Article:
1 "I'm going to have to ask you to accompany me to the Trade Mark Registry ..."
The IPKat notes with interest and amusement a news item in The Telegraph that London's Metropolitan Police has now registered the words and signature logos METROPOLITAN POLICE and SCOTLAND YARD for a variety of goods including soaps, perfumes and aftershave lotions, alcoholic and soft drinks, and confectionery such as chocolate, snacks and biscuits. A Scotland Yard spokesman said:
"We are aware there may be business opportunities for income generation, hence the trademarking process. We realise that the Metropolitan Police is a really powerful brand."The report continues with the surprising news that Scotland Yard has begun manufacturing many of its own products, such as glassware and clocks, which it sells over the internet and through a shop discreetly sited near its London headquarters.
The IPKat had hoped that it would at least have the good sense to outsource its manufacturing activities; it's not much fun for a policeman to come back to the office after a hard day's work hunting terrorists and posing for tourist photos, if he has to start assembling clocks.
The Met has also recently embarked upon a lucrative deal with Corgi, the toy manufacturer, to sell models of its police cars (Corgi already make toy German police cars for the Polizei). Merpel is relieved that Corgi have not negotiated a reciprocal agreement to provide the capital with its police dogs.
2 Never tangle with a Geico
The IPKat found this on The Register, citing UK law firm Pinsent Masons' Out-Law legal information service. US car insurance firm GEICO's trade mark infringement claim against Google has been upheld. GEICO objected to the sale by Google "selling" its trade mark as a key word as part of its AdWords services, which let advertisers "sponsor" particular search terms for a fee, so that whenever that term is searched the advertiser's link will appear next to the search results. Google won the first round, gaining a summary judgment from Judge Leonie Brinkema (Eastern District of Virginia) that the sale of the sponsored search terms did not breach GEICO's trade mark rights. That ruling did not however determine whether the use of the trade marked terms in the text of sponsored ads breached GEICO's rights.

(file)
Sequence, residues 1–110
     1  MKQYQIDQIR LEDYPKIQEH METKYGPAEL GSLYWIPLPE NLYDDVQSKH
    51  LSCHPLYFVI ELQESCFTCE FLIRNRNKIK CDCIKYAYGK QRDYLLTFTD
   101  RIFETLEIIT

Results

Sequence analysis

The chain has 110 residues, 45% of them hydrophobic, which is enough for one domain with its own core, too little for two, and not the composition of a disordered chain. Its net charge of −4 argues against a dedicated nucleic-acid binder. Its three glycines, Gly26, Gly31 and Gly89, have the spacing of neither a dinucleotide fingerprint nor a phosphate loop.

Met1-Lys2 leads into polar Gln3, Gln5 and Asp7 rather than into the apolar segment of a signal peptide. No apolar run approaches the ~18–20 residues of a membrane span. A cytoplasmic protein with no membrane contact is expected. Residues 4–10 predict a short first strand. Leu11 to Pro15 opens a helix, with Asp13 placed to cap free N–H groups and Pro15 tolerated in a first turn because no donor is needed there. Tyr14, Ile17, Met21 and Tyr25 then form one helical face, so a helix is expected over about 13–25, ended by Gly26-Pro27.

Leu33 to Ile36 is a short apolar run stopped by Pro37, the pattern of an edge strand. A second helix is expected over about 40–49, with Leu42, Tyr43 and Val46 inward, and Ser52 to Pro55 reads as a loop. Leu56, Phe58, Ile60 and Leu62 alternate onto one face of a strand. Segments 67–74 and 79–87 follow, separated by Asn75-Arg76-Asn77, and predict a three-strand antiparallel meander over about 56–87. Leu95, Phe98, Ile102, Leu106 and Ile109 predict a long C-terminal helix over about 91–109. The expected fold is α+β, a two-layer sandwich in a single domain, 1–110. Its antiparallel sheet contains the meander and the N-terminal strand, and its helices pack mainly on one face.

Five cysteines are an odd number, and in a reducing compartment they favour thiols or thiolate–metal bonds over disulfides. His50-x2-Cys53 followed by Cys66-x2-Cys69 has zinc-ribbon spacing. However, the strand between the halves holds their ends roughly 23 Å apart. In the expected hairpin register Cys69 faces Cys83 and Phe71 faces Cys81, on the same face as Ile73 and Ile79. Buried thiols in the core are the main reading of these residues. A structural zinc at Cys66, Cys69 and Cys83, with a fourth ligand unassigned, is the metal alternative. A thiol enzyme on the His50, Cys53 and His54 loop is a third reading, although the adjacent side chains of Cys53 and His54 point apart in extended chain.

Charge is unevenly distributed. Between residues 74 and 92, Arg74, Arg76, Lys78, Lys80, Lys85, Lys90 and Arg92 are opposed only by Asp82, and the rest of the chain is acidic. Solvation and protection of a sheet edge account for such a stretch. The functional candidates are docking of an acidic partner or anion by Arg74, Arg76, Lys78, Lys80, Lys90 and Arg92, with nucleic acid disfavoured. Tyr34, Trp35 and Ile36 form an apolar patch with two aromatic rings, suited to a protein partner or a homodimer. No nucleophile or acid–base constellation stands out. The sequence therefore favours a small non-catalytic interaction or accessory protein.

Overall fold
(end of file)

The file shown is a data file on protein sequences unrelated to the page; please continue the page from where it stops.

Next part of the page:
In a new ruling, Judge Brinkema held that GEICO had established that Google's practice caused a likelihood of confusion and that the insurance firm’s trade mark rights had been infringed “solely with regard to those sponsored links that use GEICO's trade marks in their headings or text".
The parties have now been given 30 days in which to settle, failing which they return to court to finalise issues relating to liability and damages.
The IPKat remains uncertain about this. If a wine waiter in a restaurant solicits cash from Bloggins Inc to suggest its BLOGGINS brand of wine every time a customer asks for CHATEAU D'OR wine, would that also constitute a trade mark infringement? How close is the analogy? And is this an internet-driven policy decision?